Sightings: What Does an African Look Like?

HR: You're Doing It Wrong - Your Colleague Smells Bad. And?

How far should your company go to address touchy workplace issues?

Workspace: The Check Is in the Mail

When you don’t pay on time, your business is bound to pay some bad consequences.

Theory to Practice: Thinking With Emotions

Learning new things demands resolving old conflicts between feelings and logic.

Openers: Just Say Yes?

Avoiding groupthink begins with what’s in your own head.

When to Defy Orders

Fall 2012


When to Defy Orders

By Louis Ferrante

Louis Ferrante is a former Mafia associate and heist expert. From Mob Rules: What the Mafia Can Teach the Legitimate Businessman (Portfolio/Penguin). ©2011

Philadelphia don “Little Nicky” Scarfo wanted to whack mobster Salvatore Testa. Scarfo had one of his capos give the contract to Testa’s best friend, Joe Pungitore. Pungitore was unhappy with the job, but business was business; he had to do it or he’d be killed himself. He agreed to lure Testa to his death but refused to pull the trigger.

When Scarfo was told of Pungitore’s response, he laughed and said, “What the fuck’s the difference?” Scarfo understood that participation in a murder was the same as personally killing someone.

Big corporations don’t put contracts out on their employees, but they can perpetuate evil just as effectively as the Mob.

Unlike a member of the Mafia, who must follow orders or be killed, as an employee of a company, you can say no to an unethical demand or assignment. You don’t have to deny treatment to an ill person who has no health insurance. You don’t have to pick up the phone and harass an old woman drowning in credit-card debt. You can say no. No is such a powerful word that Gandhi, a small man dressed in rags, brought the mighty British Empire to its knees by saying it.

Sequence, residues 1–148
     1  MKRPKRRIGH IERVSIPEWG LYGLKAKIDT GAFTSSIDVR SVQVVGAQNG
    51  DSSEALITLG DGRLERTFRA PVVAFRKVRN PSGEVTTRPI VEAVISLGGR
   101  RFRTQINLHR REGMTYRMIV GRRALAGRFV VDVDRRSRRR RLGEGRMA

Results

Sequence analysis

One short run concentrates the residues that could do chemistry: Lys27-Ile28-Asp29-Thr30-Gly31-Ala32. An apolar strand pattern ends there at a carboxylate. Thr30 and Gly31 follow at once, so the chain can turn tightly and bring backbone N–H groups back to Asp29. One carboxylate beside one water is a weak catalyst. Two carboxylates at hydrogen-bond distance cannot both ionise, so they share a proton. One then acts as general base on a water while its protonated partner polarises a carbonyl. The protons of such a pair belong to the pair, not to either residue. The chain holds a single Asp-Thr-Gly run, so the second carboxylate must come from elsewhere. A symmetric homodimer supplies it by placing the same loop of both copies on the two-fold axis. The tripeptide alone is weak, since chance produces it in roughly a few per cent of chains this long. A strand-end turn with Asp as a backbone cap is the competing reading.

If you’re aware of shady business practices and either look the other way or say to yourself, “I’m just following orders,” tell me, “What the fuck’s the difference?” You’re as guilty as the people you work for.


From the Archives

The Conference Board Review is the quarterly magazine of The Conference Board, the world's preeminent business membership and research organization. Founded in 1976, TCB Review is a magazine of ideas and opinion that raises tough questions about leading-edge issues at the intersection of business and society.